Friday, 3 December 2010

Continuous Integration and Gen

Continuous Integration (CI) is a practice often undertaken as part of agile development or extreme programming approaches where development team members frequently ‘integrate’ their work, often every few hours.

The requirement for code ‘integration’ most often results from the ability in most development approaches of allowing multiple developers to checkout the same source code and then rely on then ‘integrating’ their changes back into the master copy stored in a repository. It also typically results in an automated build process (and possibly also automated test) to ensure that the integrated changes are compatible with changes applied by other developers to the same or related source.

The objectives of CI are to improve the quality of software and reduce the time taken to deliver, especially by reducing or eliminating the costly and time-consuming integration tasks by ensuring that any integration issues are resolved early on and not as a massive exercise late on the development process.

Some of the technical issues that CI attempts to address are not applicable in a Gen environment. Only one person can checkout an object with modify access from a model and on upload, Gen ensures that at a basic level, the changes are consistent with the model, and so it is tempting to conclude that CI is not applicable in a Gen project.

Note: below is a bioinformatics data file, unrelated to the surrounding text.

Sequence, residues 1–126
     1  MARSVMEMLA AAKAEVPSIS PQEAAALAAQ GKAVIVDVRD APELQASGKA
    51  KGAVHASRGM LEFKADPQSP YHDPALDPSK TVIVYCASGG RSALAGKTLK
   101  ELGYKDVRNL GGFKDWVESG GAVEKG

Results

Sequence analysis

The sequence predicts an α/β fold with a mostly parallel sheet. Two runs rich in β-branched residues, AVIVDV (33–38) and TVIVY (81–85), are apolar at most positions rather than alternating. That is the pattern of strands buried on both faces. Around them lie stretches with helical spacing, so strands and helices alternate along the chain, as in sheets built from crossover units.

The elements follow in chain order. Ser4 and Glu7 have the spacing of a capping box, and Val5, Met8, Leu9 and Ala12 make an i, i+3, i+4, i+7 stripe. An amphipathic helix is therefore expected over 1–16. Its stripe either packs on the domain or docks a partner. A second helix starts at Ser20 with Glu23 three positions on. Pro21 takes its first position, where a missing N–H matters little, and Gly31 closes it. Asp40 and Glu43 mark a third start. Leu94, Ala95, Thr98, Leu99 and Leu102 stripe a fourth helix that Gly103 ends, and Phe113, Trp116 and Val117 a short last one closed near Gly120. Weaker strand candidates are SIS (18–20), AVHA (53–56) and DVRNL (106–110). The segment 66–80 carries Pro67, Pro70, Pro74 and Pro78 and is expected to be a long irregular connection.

However there are still several areas where CI concepts can be usefully applied.
The first relates to generated code and test environments. In our development environment, we generate code from the CSE into a shared development directory. In this way, every developer tests from the same code base and does not need to worry about maintaining their own private source code, object code or database. There are several other benefits of using server based code generation over local toolset generation, and perhaps this could be the subject of another post sometime…

It is important that the changes to the model, once uploaded, are correctly generated. We therefore use GuardIEn’s Upload Assistant to automatically perform the impact analysis and then generate the affected modules after each upload. In this way, the generate/build process ensures that the development code repository is kept up to date, and any errors are trapped at an early stage.

Another aspect of CI is ensuring that quality control is applied continuously. Numerous studies have shown that errors are far cheaper to fix if they are detected and fixed at an early stage in the life-cycle. We run about 25 checks on the objects changed automatically on upload using the integration between VerifIEr and the Upload Assistant. These checks detect common errors in the code (for example missing view matching or redundant code) and whilst the errors should be detected during testing, it is far easier and cheaper to correct the errors whilst the subset is still downloaded and before time has been wasted generating and testing the code.